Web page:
Meta partially changes its treatment of stars on Facebook and Instagram

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Meta partially modifies its treatment of stars on Facebook and Instagram

Meta's supervisory board, an independent entity funded by the company, had lambasted the preferential treatment given to personalities, accusing the company of putting its economic interests ahead of the need to moderate content.

Meta will change its handling of problematic posts by stars on Facebook and Instagram after criticism from its oversight board, but will not implement some key transparency recommendations, according to a statement on Friday.

The company usually quickly removes posts or images that potentially violate its policies when they are flagged.

But the company gives preferential treatment to certain organizations and politicians , bosses, advertisers, journalists and celebrities, taking more time to review their content to avoid hasty judgments.

The supervisory board of Meta, an entity described as independent but financed by the company, had lambasted these privileges in December, accusing the company of putting its economic interests before the need to moderate content. .

He then proposed 32 recommendations to make this moderation program called cross check more transparent, more responsive and fairer.

The group said on Friday that it would implement, fully or partially, 26 of them, and study the feasibility of one of them. On the other hand, it rejected five others.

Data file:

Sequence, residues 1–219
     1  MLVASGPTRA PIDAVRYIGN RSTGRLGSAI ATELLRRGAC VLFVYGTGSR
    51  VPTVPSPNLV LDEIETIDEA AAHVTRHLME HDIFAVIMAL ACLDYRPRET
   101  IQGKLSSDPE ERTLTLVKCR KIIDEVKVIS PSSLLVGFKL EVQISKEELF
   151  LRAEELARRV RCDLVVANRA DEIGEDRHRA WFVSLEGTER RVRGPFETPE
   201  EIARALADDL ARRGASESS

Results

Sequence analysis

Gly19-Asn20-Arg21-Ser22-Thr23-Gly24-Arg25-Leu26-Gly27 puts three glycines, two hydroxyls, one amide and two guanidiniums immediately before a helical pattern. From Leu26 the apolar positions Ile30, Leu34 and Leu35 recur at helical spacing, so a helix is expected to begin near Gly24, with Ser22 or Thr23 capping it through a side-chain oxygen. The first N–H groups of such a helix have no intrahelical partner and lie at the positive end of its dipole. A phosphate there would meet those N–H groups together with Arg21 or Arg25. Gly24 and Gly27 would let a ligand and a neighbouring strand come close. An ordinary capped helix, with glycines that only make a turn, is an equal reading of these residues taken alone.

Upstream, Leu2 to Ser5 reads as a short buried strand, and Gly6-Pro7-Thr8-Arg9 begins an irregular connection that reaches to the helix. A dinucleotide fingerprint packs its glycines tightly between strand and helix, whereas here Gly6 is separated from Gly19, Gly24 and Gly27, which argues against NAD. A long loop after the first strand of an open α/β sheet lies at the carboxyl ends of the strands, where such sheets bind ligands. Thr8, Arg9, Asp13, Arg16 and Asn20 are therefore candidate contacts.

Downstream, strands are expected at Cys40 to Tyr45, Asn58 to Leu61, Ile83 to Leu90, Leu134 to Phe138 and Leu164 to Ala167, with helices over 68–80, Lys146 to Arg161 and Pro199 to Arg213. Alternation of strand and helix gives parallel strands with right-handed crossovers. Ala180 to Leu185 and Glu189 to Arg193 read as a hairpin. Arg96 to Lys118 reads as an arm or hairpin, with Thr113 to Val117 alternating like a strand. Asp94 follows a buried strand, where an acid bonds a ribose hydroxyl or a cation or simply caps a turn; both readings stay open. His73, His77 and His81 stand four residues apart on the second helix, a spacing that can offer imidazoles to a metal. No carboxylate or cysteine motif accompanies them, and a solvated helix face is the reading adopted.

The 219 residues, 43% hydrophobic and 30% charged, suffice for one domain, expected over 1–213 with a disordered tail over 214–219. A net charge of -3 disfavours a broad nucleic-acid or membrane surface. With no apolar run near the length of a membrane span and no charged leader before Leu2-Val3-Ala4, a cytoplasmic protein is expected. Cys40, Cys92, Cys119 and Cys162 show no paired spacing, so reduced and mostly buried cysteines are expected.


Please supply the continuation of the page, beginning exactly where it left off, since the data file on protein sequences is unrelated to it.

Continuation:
Meta refuses in particular to make public the personalities receiving privileged treatment for commercial reasons – because they pay the x27;company for its services or generate traffic – believing that this could identify them as potential targets for malicious actors.

The group also does not want to implement a formal process allowing personalities, including government officials, to apply for cross check.

Mark Zuckerberg's company does not Nor did it want to prohibit its government relations team from making decisions on whether certain figures should be included in the list, despite the council stressing that this created conflicts of interest. unavoidable.

Meta has instead agreed to limit the visibility of potentially problematic messages pending their review and to differentiate between users to be protected for human rights reasons. , such as NGOs or journalists, and for commercial reasons.

Meta also plans to modify its operational systems so that decisions are made more quickly and to make regular reports on cross che ck.

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